The CFPB also indicated that it plans to prioritize student loan servicing enforcement and supervision resources in the coming year, with a specific focus on PSLF. The CFPB indicated that it will pay particular attention to whether servicers:
- Provide complete and accurate information about the PSLF Waiver when discussing PSLF or loan consolidation in any communications.
- Implement adequate policies and procedures to recognize when borrowers are expressing interest in PSLF or are otherwise eligible, and to direct those borrowers to appropriate resources.
- Promote the benefits of the PSLF Waiver to borrowers who express interest or whose files otherwise demonstrate their eligibility.
To prevent unfair, deceptive, or abusive acts or practices, student loan servicers should consider enhancing their compliance management systems to develop and implement policies and procedures so that all borrowers receive accurate and complete information about the PSLF Waiver and representatives facilitate their enrollment.
Bite #7 - The CFPB filed a status report in a Section 1071 lawsuit on small business lending data collection rulemaking.
The CFPB filed a status report with the U.S. District Court for the Northern District of California in connection with the lawsuit brought by the California Reinvestment Coalition, National Association for Latino Community Asset Builders and two individual plaintiffs. The status report reiterates that the CFPB met the deadlines under a Stipulated Settlement Agreement with the plaintiffs.
Bite #6 - The CFPB addressed special purpose credit programs.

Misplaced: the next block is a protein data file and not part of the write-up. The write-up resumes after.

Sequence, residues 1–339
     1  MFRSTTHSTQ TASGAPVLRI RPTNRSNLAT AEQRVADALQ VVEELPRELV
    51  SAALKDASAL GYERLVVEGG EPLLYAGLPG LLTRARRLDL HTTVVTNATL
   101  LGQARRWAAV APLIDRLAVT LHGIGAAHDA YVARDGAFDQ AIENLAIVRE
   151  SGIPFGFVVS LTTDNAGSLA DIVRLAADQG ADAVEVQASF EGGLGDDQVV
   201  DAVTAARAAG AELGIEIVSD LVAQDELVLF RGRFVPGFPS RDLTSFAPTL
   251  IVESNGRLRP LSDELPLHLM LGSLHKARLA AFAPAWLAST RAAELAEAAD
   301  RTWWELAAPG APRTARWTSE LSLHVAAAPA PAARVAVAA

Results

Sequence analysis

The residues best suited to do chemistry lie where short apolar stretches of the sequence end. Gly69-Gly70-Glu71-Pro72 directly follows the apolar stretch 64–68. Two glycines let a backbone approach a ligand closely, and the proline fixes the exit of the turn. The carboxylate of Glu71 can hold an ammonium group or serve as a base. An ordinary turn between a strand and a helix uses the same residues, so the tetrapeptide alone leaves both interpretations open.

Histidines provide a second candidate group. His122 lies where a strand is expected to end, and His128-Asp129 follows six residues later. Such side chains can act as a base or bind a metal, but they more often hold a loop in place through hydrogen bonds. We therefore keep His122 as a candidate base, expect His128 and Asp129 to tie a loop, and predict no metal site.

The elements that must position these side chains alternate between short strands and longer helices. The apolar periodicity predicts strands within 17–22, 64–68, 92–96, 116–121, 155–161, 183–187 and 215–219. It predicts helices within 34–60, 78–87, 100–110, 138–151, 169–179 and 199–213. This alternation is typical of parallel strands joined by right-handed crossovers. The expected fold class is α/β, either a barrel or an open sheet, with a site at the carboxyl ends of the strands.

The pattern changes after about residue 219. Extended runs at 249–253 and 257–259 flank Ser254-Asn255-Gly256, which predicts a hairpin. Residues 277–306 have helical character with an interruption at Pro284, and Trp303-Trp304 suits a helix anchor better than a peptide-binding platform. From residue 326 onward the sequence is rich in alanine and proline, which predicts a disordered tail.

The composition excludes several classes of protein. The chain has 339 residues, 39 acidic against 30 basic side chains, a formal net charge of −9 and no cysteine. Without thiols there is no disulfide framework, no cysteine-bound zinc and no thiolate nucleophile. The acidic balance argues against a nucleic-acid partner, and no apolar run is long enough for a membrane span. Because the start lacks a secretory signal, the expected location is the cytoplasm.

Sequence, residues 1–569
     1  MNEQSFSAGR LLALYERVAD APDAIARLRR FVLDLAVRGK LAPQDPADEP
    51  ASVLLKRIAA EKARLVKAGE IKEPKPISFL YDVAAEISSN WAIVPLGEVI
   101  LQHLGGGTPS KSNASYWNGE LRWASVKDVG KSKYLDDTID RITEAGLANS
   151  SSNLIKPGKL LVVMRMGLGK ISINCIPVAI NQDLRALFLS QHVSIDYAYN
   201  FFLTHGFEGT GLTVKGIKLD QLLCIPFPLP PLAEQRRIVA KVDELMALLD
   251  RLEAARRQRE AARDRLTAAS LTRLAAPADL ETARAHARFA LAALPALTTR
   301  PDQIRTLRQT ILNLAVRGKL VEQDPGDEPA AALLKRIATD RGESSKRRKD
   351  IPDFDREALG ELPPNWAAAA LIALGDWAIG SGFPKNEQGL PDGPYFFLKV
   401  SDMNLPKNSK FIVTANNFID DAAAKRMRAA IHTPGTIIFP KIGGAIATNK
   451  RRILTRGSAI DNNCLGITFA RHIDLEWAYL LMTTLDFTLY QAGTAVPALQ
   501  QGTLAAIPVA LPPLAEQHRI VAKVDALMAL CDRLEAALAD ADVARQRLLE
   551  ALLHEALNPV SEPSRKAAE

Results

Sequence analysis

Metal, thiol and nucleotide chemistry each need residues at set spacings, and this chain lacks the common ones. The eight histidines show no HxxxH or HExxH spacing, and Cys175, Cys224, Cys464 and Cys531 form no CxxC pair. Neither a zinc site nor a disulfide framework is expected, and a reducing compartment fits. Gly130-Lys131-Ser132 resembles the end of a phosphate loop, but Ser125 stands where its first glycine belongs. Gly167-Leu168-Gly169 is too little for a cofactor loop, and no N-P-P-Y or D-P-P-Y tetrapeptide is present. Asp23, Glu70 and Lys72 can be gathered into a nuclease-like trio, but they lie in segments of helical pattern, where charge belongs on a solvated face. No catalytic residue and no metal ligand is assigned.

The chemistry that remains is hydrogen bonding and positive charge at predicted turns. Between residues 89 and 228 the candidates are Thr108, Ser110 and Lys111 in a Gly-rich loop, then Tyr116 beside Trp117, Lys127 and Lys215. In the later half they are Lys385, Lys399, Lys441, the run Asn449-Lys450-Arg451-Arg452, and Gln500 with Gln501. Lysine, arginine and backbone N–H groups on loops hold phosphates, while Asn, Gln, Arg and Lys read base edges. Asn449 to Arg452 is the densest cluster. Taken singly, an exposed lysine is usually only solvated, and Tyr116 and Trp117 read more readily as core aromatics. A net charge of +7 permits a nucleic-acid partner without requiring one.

The CFPB joined seven other federal agencies in issuing a statement encouraging lenders to explore opportunities to increase credit access through special purpose credit programs (SPCPs) to better serve historically disadvantaged individuals and communities.
Under Federal law, lenders are permitted, under certain conditions, to design and implement SPCPs to extend credit to a class of persons who would otherwise be denied credit or would receive it on less favorable terms. In particular, the Equal Credit Opportunity Act (ECOA) and Regulation B permit creditors to offer or participate in SPCPs to meet special social needs through any:
- Credit assistance program authorized by federal or state law for the benefit of an economically disadvantaged class of persons;
- Credit assistance program offered by a non-for-profit organization for the benefit of its members or an economically disadvantaged class of persons; or
- SPCP offered by a for-profit organization, or in which such an organization participates to meet special social needs, if it meets certain standards prescribed in regulation by the CFPB.